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FIRST-PERSON: The demand of justice

DALLAS (BP)–When Illinois Gov. George H. Ryan commuted the death sentences of all 156 inmates on his state’s death row, he reopened the debate about capital punishment in America. The apparently thoughtless way he opened the discussion was a grandstand play. It worked; Mr. Ryan got some headlines and resurrected hundreds of opinions among writers and professional spokesmen.

George Ryan did not add anything new to the discussion or actually make any compelling argument by his action. He just applied a blunt instrument to a complex issue.

Christians need to take matters of life and death more seriously. Matters related to God’s character are pertinent to this discussion. We also have a stewardship over the making and practice of law in our nation. We must start by affirming the things we know to be true.

First, capital punishment is not unbiblical or extra-biblical. In fact, we can reasonably say that it is a biblical mandate from Genesis 9:6. Old Testament commandments consistently exalt the sovereignty of God over the lives of men. The New Testament does not vacate those commandments and priorities. As Genesis 9 establishes the role of human government in the administration of justice, Romans 13 continues that theme in the New Testament.

Second, capital punishment in America is not fairly administered. Some victims are more emotionally compelling than others. Some of the accused also have greater luck tugging at the hearts of jurors. Additionally, the poor often lack the resources to obtain competent legal defense. Those who oppose the death penalty for these reasons have a valid point.

How do we address this point, though? Inequity is more likely to acquit the guilty than condemn the innocent. Poor legal defense could result in a false verdict. Some say we should ban laws and penalties being badly administered. Alright, but the tax code is not applied fairly either. Some get away with paying too little, some ignorantly pay too much. Too tough to fix? Let’s ban it, too. And so it goes with traffic laws, welfare and a lot of other things that we will not do away with.

Better that we do the hard thing. Put the blindfold back on justice and provide adequate defense for all the accused. The burden must remain on our legal system to provide equal treatment under the law. Doing away with problematic penalties (and they all are, to some degree) takes the burden to reform off those we have assigned to do just that thing.

It also seems that a sentimental concern for the possibly innocent does not properly include the certainly innocent — the victims. One problem with sentiment is an unreasonable focus. Sentimentality causes us to make judgments based on matters irrelevant to truth. It is sentiment that causes us to grant leniency to those like us or pitiable to us and harsh justice to those fearsome or different. It is sentiment that causes some to suspect that capital punishment is about revenge. To some it is about revenge and it shouldn’t be.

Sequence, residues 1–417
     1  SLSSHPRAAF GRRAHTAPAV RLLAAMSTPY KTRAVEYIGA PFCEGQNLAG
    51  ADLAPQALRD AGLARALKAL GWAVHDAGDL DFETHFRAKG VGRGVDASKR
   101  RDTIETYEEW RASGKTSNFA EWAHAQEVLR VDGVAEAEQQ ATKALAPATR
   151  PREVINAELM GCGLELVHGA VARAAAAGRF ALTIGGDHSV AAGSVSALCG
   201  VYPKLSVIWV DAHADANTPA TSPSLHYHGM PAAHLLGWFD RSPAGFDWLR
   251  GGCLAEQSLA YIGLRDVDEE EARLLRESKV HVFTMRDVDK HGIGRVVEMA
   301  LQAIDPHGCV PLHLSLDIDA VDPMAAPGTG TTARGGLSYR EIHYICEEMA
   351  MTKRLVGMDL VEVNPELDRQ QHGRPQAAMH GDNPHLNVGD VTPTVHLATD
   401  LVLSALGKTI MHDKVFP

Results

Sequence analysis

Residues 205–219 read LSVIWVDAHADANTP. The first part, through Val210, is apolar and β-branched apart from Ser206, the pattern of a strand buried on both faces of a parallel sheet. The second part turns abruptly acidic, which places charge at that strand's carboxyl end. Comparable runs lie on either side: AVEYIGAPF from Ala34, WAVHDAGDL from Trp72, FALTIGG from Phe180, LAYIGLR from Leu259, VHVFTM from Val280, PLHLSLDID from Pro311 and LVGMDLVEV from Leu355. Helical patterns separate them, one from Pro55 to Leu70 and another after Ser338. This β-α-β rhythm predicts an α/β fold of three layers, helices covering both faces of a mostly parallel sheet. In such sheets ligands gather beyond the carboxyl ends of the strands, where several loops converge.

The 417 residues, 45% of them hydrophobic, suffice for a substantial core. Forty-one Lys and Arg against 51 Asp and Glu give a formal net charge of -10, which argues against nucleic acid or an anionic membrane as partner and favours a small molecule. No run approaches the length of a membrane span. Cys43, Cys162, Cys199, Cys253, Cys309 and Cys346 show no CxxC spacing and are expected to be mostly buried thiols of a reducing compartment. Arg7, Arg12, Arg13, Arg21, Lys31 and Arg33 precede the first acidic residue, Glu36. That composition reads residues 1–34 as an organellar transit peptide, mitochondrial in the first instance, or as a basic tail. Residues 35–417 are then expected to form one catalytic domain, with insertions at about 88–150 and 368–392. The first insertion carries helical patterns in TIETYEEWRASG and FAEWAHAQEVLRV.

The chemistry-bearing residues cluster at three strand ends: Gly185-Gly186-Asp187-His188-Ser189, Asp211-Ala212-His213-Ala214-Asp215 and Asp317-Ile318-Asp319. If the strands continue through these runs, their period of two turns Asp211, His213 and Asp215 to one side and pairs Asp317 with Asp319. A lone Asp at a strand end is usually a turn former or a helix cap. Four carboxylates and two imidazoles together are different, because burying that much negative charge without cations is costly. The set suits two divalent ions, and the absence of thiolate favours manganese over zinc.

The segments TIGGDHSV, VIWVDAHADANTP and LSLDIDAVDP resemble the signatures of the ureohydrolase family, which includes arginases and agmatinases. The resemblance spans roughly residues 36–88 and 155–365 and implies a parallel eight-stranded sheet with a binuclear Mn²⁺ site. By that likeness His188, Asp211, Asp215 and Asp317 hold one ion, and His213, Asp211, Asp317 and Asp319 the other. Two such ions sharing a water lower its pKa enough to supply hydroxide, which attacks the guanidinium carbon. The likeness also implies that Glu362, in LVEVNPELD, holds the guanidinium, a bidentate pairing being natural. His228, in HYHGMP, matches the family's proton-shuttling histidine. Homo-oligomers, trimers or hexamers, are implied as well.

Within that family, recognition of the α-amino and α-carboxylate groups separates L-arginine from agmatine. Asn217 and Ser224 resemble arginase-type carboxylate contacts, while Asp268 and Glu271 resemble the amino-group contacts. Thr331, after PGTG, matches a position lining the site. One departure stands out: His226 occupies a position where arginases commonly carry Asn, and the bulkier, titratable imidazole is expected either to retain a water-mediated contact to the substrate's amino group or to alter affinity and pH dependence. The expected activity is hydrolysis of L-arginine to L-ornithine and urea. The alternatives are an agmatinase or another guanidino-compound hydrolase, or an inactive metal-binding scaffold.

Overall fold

This brings us back to the biblical mandate. God told Noah that a reckoning for bloodguilt was demanded by the image of God in the victim. It is thus the person of God who is offended by murder whenever man wrongly takes the prerogative of God on himself. God specifically assigns this mandate to governments in Romans 13:1-7. We should not, in anger or sorrow, despise the image of God to spare our own feelings. A nation that determines a penalty for a crime and does not regularly assign that penalty breaks faith with its people and the God who established it.

Think of the substitutionary atonement. God is holy and thus, by nature, offended by my sin. He must be. God also tells us that only the shedding of blood can bring the remission of sins and my sin requires my own death. Every man must die for his own sin, then. It sounds good to us that God would just grant us all pardons. Who would God be then? Not holy, not just, only the merciful grandfather that most people hope he is. Instead, he made a way for the only perfect, innocent man to pay for my sin so that I might be justly forgiven. He doesn’t wipe out the penalty, he provides for its payment in the only way that lets me live.

Christian nation or not, a government owes its authority to the only God who lives. Even natural revelation demands that the ruling authority of a land be just and, yes, holy. Don’t the people of every nation want their laws to be better and more righteous than even the people who administer them?

Capital punishment makes me squeamish. I know my own faults and the idea that I would approve the death of another sinner seems hypocritical. It’s not about me or about my feelings, though. It’s about law, God’s law written on our hearts and on the books of most nations. The death penalty will always be administered imperfectly. This does not justify our surrender to imperfection. Neither does it mean that the only moral high ground belongs to the abolitionists. Conservatives must never stop demanding equitable justice for all men. Liberals need to be less dismissive of the sound biblical foundation for our law’s ultimate penalty.
Ledbetter is the editor of The Texan, newsjournal of the Southern Baptists of Texas Convention.

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  • Gary Ledbetter